My college experience was pretty good. I did not get much knowledge about FOSS contribution there at my time but the culture has evolved now and I hear students doing quite well with FOSS. In my initial days when I was trying to figure out the command line and Ubuntu, I wanted to have all cool apps and a system straight out of r/unixp*rn. I do not recall where did I read about the mutt e-mail client but I was unable to make it work (like most other things then and now...). Upon searching, I found a guide on this website called kernelnewbies.org. I don't recall if that guide worked for me but I saw something advertised on top of the webpage in H1 -- OPW (Outreachy program for Women). I had no idea what it was but there was a link to join a google group so I joined it but there wasn't anybody talking there so I forgot about it. A few months/days later, I received an e-mail that OPW is now Outreachy. Then, I looked up what it was about. Soon people started contributing to the Linux kernel. Looked pretty cool so I decided to give it a try. I started later than I should have but it worked out. I contributed some trivial patches and developed some confidence, and then some more me landed the internship with Netfilter and then did some even better patches. This was the beginning of my FOSS journey. I later joined many communities to keep my interest alive. Soon enough, luckily, I was offered a job with FOSS (my current role at OISF).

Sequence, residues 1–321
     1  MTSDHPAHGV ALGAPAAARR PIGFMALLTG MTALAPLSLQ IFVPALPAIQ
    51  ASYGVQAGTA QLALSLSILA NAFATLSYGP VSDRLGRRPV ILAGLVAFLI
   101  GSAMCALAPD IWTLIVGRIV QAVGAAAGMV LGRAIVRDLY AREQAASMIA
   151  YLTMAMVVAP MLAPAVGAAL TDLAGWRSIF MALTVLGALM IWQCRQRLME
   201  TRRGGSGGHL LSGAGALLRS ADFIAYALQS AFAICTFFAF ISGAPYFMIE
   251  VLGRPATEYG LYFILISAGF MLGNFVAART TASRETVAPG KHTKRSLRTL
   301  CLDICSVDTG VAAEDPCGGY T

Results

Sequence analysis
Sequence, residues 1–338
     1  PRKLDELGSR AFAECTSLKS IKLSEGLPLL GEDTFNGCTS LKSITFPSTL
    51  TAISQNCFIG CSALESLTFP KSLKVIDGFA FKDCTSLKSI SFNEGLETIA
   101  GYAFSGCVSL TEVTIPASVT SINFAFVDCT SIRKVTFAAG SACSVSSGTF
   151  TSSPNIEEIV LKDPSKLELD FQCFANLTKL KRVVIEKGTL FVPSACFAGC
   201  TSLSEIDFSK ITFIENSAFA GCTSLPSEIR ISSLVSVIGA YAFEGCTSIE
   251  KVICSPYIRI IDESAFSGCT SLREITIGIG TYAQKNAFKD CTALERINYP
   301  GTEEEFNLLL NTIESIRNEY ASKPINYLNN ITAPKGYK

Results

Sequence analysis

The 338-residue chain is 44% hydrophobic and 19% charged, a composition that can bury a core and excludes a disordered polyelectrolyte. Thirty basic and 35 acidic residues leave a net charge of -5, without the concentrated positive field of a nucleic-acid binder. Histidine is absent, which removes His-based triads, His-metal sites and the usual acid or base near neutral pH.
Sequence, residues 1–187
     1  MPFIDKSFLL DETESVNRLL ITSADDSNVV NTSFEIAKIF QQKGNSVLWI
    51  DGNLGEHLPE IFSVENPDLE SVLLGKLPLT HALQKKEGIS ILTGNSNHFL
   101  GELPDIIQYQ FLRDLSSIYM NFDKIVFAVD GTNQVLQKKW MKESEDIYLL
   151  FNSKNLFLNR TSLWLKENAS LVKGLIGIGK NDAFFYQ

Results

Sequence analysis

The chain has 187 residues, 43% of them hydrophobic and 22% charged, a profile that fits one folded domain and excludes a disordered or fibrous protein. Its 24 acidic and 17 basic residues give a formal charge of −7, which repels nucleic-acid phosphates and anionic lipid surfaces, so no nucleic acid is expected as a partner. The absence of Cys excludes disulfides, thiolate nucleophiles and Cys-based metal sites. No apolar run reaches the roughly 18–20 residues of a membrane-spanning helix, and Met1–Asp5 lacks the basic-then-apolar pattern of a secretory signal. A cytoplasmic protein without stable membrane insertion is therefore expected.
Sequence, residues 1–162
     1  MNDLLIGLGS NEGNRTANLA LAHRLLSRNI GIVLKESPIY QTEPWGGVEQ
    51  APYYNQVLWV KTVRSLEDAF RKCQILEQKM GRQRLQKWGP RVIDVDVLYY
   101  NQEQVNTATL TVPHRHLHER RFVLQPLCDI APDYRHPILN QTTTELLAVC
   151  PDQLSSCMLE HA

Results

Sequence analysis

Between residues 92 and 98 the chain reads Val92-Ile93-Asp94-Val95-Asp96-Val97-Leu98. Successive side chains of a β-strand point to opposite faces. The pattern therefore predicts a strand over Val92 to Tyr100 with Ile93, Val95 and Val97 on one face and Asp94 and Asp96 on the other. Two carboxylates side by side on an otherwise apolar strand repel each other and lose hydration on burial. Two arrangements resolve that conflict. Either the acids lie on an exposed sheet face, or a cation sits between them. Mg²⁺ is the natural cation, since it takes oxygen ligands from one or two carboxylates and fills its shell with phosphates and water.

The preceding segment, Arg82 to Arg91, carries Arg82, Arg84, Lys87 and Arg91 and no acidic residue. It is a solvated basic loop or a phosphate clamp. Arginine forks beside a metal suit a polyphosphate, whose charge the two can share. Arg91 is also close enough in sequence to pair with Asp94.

Why do you contribute to FOSS?
Foremost, it pays my bills. :) I contribute because I believe in the "Four Essential Freedoms". Since the project is in public eyes, it is easier to get bugs reported and fixed, so, FOSS projects would generally be more secure. So many people collaborating and getting to be a part of something so awesome is encouraging for both parties. We learn a lot more by contributing to FOSS because there is a wider audience/reviewers out there to teach things at many different levels. We are not just restricted to the "review team", everybody who uses/intends to use the software is our review team. FOSS is also a great place to show your skill set and work.
What’s wrong with our education system? What are your suggestions for the young developers and students?